Discover real-world advice for building a customer experience team structure — and the right customer experience leadership — from Medallia’s SVP of Industry Solutions, Bill Staikos.
Building a customer experience team is an essential step of creating a customer experience program and ultimately improving the overall customer experience.
In my 20+ years of customer and employee experience leadership, I’ve discovered that the right customer experience team structure and customer experience team leadership can set up organizations for success when it comes to truly listening to and understanding customer needs, meeting them in the moment, and acting on their feedback.
First, organizations with a strong customer experience program backed by the right people, processes, and systems, have the power to improve revenue — whether that’s by identifying revenue leakage in the customer journey or uncovering positive customer experiences with higher revenue potential and higher levels of social impact. Effective customer experience teams not only help identify ways to improve the customer experience that drive repeat business, but also discover insights and strategies for getting new business in the door.
Second, customer experience teams can help reduce operational costs by pinpointing — and solving for — points of friction in the customer journey.
Lastly, the customer experience function can help elevate the overall customer experience in a way that has a powerful ripple effect in improving the organization’s workplace culture and employee engagement. When brands are able to demonstrate the positive, direct impact their people have on the customer experience, that’s rewarding — and that is how companies are able to create a connection between their employees, the work they do, and the meaningful customer experience outcomes that the brand is able to achieve as a result. Employees want to work with organizations that are winning at customer experience and, as the true champions of that experience, customer experience teams can make that a reality.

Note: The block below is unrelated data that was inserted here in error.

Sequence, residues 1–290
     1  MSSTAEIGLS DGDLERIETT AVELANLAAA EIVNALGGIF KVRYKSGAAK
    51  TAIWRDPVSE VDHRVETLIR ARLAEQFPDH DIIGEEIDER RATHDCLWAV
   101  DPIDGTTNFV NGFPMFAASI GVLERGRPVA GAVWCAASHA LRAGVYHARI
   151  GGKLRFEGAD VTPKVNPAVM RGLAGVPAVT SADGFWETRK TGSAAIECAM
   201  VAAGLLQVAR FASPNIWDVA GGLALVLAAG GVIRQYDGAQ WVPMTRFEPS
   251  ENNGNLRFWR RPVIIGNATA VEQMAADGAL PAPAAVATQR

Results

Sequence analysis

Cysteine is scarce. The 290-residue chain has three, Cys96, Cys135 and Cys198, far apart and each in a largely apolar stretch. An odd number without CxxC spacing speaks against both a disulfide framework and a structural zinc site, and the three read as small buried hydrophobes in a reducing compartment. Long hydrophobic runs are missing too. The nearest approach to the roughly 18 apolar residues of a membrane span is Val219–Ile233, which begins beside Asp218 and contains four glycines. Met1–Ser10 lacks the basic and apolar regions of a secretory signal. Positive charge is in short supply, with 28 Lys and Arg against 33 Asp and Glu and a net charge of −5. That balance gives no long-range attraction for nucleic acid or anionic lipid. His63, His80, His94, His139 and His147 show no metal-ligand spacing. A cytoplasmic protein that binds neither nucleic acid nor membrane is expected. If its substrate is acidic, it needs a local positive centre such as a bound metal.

Creating a dedicated, cross-functional customer experience team is an essential building block of any successful customer experience program. Before joining Medallia, I was responsible for the creation, execution, and measurement of the customer experience strategy across Freddie Mac’s $2.3 trillion single family guarantee portfolio, and I also served as Head of Customer Experience Analytics & Strategy for Chase’s Home Lending business.
Having shaped customer experience teams at these leading financial services brands, I’ve found that there are three key pillars, or core functions, involved in building a customer experience team structure that works.
A lot of organizations today have analytics capabilities — such as data scientists — that sit outside of the customer experience team.
I’m a huge advocate for having insights and analytics resources inside the customer experience department to prioritize the work involved in capturing and understanding the voice of the customer, including bringing the right customer data together in a meaningful way, tracking customer metrics, and pinpointing the business drivers that are associated with customer feedback.
One way to build out a design function at a company is by building a customer experience team design group with a user experience (UX) or user interface (UI) focus. However, when I think about design as part of a core element of a customer experience program, I think about bringing together design thinking resources that work with the business to come up with critical solutions, not necessarily traditional UI or UX designers who may be responsible for creating design assets or materials.
My preference has always been toward a team that employs design thinking as a process and then engages the business to solve for the big “rocks” — or roadblocks to optimal customer experiences — that the insights and analytics team unearths.